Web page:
Shimla, India. © Shutterstock
Shimla is the capital of Himachal Pradesh and is perched in the southwestern ranges of the Himalayas of Northern India. It is built over several hills and connecting ridges, occupying an area of approximately 20 km2. Formerly the British ‘Summer Capital’ of India, it is now one of the most one of the most popular tourist destinations in the State, both for Indian and international travelers alike.
Shimla’s popularity has led to a rapidly increasing population that is far greater than its infrastructure can bear. In a 2011 census, the urban agglomeration of the city was a population of over 171,000, while the growth rate is 16.21 per cent (Municipal Corporation of Shimla 2009).
According to the Indian earthquake hazard zoning, Shimla is classified as Zone IV - Higher Danger Risk Zone. In recent years the risk of landslides, following heavy rains, has increased the city’s risk profile even further. In 2013, several hundred houses were destroyed in landslides. Water supply is another chief concern. The Shimla District lies within the catchment area of three rivers, the principal of which is the Sutlej River that is located 21 kilometers from the city. Freezing of the pipes in winter and the increasing population during the summer places stress on the water supply and sanitation systems. To meet the increasing demand, water has to be pumped up to Shimla, and is done so at a significant and increasing cost to the Shimla Municipal Corporation (SMC). Another challenge is the city’s ageing sewage system that handles waste, which is over 117 years old and suffers many failings. Additionally, several emerging health issues in Shimla have increased awareness of the impacts of climate change, including the rising incidence of vector borne diseases such as malaria and dengue fever.
Examples of Resilience - Building Efforts
In 2008 Shimla was selected as a pilot city in the Asian Cities Climate Change and Resilience Network (ACCCRN), funded by the Rockefeller Foundation. Together, the ACCCRN ICLEI-Local Governments for Sustainability developed a six-phase process to enable the identification of vulnerable urban systems, capacity constraints, and opportunities under a future climate scenario. Since then, Shimla has engaged in a number of resilience building efforts, including signing onto the Durban Adaptation Charter and the Compact of Mayors. In October 2015, the SMC participated in the development of a resilience profile using the City Resilience Index, a combined effort of the Rockfeller Foundation, Arup and ICLEI South Asia, in order to understand the range of systems and factors that contribute to the resilience of the city. As part of the prioritization phase of the project, the city selected solid waste management as its priority sector, leading to the implementation of a multi-year public-private partnership based Integrated Solid Waste Management project. The $2.53 million project, includes 10 components, ranging from the door-to-door collection of waste, to an integrated waste treatment and disposal facility, and capacity building to strengthen waste management information, education and communication.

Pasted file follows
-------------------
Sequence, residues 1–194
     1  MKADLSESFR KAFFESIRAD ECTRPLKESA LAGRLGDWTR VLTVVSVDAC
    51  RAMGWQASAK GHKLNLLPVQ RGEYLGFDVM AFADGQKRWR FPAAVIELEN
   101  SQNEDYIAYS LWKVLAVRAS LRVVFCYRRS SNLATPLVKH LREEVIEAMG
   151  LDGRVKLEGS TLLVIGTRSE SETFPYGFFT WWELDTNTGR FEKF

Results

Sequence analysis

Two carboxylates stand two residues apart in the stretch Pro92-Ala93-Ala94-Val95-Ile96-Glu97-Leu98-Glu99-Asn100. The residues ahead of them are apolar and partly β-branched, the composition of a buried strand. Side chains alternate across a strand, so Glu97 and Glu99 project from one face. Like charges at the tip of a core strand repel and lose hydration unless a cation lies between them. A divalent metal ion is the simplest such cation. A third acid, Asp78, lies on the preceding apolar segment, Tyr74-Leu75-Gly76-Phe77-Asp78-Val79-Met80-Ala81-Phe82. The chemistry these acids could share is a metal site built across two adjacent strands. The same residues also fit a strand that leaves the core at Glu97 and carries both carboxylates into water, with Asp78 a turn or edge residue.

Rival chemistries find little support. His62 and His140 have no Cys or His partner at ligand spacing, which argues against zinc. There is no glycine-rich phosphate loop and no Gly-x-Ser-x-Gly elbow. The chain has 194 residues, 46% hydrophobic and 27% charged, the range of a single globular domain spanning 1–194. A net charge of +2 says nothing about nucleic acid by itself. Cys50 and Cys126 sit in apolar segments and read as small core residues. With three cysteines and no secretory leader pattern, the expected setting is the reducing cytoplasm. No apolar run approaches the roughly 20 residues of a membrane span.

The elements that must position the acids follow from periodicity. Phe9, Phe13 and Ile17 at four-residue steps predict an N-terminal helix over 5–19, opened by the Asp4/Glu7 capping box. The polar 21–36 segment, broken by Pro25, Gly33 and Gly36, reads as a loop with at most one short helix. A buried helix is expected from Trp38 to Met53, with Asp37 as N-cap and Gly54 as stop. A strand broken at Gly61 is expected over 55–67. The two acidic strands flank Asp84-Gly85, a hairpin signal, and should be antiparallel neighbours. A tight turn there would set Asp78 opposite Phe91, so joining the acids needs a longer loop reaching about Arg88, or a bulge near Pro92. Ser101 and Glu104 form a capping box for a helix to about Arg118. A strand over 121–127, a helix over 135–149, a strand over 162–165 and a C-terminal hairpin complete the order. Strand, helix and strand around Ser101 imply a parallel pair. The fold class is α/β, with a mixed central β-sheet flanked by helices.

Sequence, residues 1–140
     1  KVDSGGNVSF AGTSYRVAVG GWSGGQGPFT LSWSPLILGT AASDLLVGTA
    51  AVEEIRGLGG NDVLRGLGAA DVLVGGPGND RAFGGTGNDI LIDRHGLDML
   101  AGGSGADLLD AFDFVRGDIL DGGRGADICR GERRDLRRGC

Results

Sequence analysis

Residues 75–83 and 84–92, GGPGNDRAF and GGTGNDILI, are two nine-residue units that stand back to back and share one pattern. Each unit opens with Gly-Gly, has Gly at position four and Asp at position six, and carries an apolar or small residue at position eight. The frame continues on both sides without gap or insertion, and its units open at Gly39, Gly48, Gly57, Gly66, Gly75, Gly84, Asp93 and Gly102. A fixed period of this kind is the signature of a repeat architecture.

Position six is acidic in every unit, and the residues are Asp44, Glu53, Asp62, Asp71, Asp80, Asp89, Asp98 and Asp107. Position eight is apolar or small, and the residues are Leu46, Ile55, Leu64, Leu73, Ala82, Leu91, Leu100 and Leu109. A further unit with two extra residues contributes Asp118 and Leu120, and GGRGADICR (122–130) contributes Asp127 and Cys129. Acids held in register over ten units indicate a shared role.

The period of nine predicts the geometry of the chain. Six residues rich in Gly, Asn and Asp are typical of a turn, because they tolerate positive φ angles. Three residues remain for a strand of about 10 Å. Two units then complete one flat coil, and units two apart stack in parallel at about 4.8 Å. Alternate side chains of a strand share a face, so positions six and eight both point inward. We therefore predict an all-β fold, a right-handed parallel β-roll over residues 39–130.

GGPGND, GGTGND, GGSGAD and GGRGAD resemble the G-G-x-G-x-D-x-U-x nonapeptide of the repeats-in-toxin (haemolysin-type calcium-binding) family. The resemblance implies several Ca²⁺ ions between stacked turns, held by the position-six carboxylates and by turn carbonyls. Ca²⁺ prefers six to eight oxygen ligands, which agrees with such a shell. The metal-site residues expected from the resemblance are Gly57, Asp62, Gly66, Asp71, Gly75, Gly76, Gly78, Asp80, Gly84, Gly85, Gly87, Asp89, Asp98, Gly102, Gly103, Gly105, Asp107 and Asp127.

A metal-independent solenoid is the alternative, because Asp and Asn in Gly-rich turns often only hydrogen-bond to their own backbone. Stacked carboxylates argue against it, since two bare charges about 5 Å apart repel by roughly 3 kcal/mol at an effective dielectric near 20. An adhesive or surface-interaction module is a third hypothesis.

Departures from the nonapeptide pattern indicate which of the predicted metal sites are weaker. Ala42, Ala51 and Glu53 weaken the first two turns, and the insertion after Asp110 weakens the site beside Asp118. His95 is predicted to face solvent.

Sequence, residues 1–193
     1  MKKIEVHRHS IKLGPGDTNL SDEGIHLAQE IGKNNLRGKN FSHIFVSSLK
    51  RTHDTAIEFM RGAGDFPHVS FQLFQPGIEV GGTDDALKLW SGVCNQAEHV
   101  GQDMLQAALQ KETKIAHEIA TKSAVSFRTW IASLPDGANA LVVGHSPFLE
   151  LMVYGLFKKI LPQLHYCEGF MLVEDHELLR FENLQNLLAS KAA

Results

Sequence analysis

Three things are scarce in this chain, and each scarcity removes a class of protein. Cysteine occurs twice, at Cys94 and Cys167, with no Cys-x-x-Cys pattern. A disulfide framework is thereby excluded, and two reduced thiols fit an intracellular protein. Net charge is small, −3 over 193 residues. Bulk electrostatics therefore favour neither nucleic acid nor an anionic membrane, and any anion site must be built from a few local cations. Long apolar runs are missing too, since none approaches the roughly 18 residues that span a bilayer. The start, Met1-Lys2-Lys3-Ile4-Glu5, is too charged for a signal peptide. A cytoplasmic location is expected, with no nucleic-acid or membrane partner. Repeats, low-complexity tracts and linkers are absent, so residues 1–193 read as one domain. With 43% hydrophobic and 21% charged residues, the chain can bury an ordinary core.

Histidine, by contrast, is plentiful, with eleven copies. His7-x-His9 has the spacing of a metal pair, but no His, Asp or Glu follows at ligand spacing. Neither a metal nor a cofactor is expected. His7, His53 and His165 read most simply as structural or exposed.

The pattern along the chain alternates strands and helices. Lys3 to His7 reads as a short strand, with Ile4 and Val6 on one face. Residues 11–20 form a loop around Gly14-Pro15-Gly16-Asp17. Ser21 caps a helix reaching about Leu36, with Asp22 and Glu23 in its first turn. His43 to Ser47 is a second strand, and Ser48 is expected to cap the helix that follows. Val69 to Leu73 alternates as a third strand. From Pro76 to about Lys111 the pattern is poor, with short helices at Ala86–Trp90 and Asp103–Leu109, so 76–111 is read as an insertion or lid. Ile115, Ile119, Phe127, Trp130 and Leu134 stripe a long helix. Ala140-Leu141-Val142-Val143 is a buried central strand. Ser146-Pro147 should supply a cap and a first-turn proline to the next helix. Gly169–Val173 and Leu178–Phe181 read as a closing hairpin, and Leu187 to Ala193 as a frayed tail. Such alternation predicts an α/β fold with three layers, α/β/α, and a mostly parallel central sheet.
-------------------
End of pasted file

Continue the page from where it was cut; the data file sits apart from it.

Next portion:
“Urban Local Bodies are the most important part of the government with direct linkages to the community and the local people. Cities entrusted with planning and implementation are the ones who have the power to shape the future”
- Sanjay Chauhan - Shimla Mayor
Future Plans and Investments
Shimla’s Climate Resilience Strategy success- fully integrates climate adaptation strategies with low emission development targets. Action plans are being implemented in five key sectors: water supply, sanitation, transport, tourism and solid waste management. The strategy assists decision-makers in identifying key challenges, best practices, and priorities in the short, medium, and long term.
“We have witnessed a move toward implementation with more concrete case studies that demonstrate how progress is being made in all aspects and phases of resilience planning... Cities are moving quickly from planning to action, but are held back by a lack of financial and technical resources. The new global partnerships, mechanisms, and tools that have emerged in the past few years can provide much needed support to address chronic gaps in measuring and financing resilience in order to accelerate local efforts toward implementation.”
- Gino Van Begin, Secretary General, ICLEI – Local Governments for Sustainability